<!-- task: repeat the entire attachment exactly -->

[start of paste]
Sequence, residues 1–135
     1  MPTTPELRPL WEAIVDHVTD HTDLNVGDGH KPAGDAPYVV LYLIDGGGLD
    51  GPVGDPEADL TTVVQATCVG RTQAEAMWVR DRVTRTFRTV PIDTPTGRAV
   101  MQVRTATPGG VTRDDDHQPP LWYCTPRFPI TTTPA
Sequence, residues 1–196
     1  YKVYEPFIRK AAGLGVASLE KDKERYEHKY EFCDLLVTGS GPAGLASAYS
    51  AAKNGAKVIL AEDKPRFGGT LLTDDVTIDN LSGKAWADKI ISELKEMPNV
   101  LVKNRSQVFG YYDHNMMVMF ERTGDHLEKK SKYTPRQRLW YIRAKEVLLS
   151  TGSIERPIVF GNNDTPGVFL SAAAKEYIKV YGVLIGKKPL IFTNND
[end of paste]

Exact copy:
Sequence, residues 1–135
     1  MPTTPELRPL WEAIVDHVTD HTDLNVGDGH KPAGDAPYVV LYLIDGGGLD
    51  GPVGDPEADL TTVVQATCVG RTQAEAMWVR DRVTRTFRTV PIDTPTGRAV
   101  MQVRTATPGG VTRDDDHQPP LWYCTPRFPI TTTPA
Sequence, residues 1–196
     1  YKVYEPFIRK AAGLGVASLE KDKERYEHKY EFCDLLVTGS GPAGLASAYS
    51  AAKNGAKVIL AEDKPRFGGT LLTDDVTIDN LSGKAWADKI ISELKEMPNV
   101  LVKNRSQVFG YYDHNMMVMF ERTGDHLEKK SKYTPRQRLW YIRAKEVLLS
   151  TGSIERPIVF GNNDTPGVFL SAAAKEYIKV YGVLIGKKPL IFTNND